The motion of the solar wind plasma across the magnetosphere generates a potential difference across it. An estimate of the magnitude of this field can be derived. For this calculation the geocentric solar ecliptic (GSE) coordinate system with the origin in the center of the earth, the x-axis toward the center of the sun ( ), the y-axis in the ecliptic plane toward dusk ( ) and the z-axis perpendicular to the ecliptic plane and northward, is used.
The solar wind moves radially outward to a first approximation:
The potential difference V developed as the solar wind flows across the earth's magnetosphere of width L (in dawn-dusk direction) is:
For typical values of , and the resulting potential difference is of the order of . In practice, the actual value is much less (30-60 kV) because the solar wind speed is reduced as it crosses the bow shock and because the relative solar wind speed across the open field lines in the polar region is reduced, since these lines are attached to the earth at one end leading to a drag on the solar wind.
The magnetosphere holds several distinct populations of charged particles (see Figure 2.2). Closest to the earth is the plasmasphere, a region that is closely linked to the high-latitude ionosphere and bounded by the plasmapause. In the Van Allen zone, highly energetic particles are trapped on closed field lines. They make a major contribution to the ionization of the upper atmosphere when they precipitate from the trapping region. The plasma sheet that is associated with the magnetotail and its inner edge is a source of particles for the ring current that flows in the magnetosphere during disturbed conditions. At the high-latitude interface between the magnetopause and the lobe is an open field line boundary layer called the plasma mantle. Similarly (not shown in Figure 2.2) there is a low latitude boundary layer (LLBL) between the magnetopause and the sunward-flowing plasma in the ring current region. Particles in the mantle originate from the solar wind and the polar wind, an upward flow of those ionospheric ions that are too energetic to be held by gravity.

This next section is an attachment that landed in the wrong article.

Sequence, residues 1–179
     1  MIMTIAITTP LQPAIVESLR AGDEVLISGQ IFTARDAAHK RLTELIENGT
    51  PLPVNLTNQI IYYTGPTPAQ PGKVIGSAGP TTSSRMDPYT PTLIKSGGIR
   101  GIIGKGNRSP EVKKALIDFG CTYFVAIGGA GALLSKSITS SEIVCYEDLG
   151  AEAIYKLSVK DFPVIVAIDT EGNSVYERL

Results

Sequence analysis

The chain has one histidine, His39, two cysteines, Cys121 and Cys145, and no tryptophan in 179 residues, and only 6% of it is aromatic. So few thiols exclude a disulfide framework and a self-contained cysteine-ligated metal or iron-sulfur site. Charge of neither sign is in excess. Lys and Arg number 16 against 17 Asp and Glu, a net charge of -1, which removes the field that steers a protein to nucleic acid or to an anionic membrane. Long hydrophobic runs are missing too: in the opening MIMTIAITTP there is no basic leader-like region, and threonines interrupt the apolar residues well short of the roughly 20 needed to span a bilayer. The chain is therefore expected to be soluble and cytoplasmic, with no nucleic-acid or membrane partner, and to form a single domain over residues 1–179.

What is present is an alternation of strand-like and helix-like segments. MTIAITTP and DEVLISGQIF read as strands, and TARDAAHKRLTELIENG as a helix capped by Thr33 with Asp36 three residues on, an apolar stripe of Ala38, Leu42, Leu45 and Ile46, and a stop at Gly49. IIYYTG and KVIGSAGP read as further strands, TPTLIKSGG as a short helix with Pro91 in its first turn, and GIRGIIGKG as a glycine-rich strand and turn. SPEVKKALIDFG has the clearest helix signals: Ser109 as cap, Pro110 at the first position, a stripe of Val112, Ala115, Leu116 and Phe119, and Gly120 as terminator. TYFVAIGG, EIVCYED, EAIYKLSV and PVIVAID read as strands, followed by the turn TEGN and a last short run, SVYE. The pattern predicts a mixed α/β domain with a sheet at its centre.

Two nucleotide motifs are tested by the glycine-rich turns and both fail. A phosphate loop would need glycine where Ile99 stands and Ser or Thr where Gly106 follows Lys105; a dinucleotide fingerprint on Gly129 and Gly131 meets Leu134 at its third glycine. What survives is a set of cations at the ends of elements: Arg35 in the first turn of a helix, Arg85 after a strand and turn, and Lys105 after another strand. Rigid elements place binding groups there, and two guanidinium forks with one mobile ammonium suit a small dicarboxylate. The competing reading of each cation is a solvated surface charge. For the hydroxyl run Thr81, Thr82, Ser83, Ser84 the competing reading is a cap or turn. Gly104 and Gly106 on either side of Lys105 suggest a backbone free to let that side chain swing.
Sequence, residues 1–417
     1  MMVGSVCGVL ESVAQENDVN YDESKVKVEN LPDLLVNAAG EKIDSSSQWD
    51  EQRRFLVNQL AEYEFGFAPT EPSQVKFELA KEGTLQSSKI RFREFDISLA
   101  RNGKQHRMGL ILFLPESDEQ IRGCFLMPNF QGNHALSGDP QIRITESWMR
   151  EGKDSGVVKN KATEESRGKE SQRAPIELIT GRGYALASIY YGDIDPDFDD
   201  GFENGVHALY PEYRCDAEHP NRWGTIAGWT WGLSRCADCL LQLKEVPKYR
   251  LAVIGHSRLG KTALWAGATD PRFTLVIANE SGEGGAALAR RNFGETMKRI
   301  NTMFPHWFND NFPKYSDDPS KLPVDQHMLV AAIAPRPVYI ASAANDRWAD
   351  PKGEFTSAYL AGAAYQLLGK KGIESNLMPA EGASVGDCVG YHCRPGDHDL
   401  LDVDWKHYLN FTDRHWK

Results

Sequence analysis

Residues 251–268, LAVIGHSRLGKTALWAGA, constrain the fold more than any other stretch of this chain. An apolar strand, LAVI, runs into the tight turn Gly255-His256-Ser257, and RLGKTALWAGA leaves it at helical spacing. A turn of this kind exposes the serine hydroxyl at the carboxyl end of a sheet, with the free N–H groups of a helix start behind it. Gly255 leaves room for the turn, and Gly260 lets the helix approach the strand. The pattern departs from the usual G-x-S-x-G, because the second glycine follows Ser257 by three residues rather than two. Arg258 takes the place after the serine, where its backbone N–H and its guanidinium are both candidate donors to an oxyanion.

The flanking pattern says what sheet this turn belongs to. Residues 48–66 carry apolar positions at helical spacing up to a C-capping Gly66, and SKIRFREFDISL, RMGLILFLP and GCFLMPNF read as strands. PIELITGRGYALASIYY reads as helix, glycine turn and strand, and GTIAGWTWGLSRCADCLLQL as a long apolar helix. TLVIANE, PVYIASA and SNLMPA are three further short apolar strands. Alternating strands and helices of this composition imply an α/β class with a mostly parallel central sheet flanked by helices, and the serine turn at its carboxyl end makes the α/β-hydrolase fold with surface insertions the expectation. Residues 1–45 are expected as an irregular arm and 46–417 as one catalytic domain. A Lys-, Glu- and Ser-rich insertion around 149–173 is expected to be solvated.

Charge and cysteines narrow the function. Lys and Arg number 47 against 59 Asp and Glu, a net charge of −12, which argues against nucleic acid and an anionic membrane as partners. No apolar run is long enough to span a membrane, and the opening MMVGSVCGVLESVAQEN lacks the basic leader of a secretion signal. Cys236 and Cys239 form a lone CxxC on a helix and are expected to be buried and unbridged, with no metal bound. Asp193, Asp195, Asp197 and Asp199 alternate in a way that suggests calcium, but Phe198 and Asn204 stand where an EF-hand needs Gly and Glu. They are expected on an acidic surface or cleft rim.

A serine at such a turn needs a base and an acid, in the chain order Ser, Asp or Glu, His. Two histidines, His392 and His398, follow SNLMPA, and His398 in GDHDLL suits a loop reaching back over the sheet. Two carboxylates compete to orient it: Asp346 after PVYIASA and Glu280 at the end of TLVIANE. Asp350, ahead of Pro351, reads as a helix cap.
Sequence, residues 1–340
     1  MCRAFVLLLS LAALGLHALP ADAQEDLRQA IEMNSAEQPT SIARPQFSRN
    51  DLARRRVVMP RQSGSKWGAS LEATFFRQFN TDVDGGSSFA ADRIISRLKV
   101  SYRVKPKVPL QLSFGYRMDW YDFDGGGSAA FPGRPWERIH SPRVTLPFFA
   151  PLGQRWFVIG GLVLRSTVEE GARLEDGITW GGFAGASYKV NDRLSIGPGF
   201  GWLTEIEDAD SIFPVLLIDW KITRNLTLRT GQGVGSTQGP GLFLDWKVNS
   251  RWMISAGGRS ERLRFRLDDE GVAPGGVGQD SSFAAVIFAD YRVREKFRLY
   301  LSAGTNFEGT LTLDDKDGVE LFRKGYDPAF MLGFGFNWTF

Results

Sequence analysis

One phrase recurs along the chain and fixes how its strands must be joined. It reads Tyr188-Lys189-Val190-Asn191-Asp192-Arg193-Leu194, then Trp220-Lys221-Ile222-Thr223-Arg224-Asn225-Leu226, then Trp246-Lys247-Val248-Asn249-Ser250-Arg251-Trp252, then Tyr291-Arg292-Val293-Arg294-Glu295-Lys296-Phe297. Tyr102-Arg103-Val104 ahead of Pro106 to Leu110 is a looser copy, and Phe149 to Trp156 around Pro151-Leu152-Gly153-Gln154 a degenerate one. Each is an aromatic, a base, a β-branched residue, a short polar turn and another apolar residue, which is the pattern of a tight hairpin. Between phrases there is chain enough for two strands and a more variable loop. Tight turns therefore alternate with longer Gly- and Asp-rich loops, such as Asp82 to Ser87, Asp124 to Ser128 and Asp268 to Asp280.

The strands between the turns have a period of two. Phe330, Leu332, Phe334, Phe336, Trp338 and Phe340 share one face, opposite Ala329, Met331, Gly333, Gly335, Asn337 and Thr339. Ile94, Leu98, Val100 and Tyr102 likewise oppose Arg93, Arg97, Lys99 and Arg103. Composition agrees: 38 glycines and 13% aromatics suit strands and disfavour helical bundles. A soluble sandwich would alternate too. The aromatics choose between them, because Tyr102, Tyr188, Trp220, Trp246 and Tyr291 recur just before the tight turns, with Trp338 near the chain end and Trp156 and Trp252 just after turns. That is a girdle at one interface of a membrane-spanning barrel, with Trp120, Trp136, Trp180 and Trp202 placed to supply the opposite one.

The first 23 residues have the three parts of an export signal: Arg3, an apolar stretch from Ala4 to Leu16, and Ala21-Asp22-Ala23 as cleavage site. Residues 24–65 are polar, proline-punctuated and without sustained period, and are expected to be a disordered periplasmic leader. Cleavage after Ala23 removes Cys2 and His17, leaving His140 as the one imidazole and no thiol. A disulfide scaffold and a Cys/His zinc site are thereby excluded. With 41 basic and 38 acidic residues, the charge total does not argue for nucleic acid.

The combination of plasma and electric field in the magnetosphere allows electric currents to flow. Table 2.1 summarizes important current systems and Figure 2.3 shows their configuration withing the magnetosphere.
Table 2.1: Magnetospheric current systems
Figure 2.3: Current systems in the magnetosphere (from T. A. Potemra)
Field-aligned currents (FACs) are the result of charge separation through the interaction between the earth's field lines and the particle populations in various magnetospheric regions, particularly the LLBL, the ring current, the mantle and the polar cap. The currents are generated most strongly when the IMF component is southward. They are weaker and occur at higher latitude when the IMF is northward. The electric potential generated in the outer magnetosphere maps down along the highly conducting field lines to the ionosphere in the auroral zone and the polar cap. The resulting ionospheric electric field drives the F-region plasma at the Hall drift velocity given by
producing the typical plasma convection patterns that are observed with the SuperDARN radar.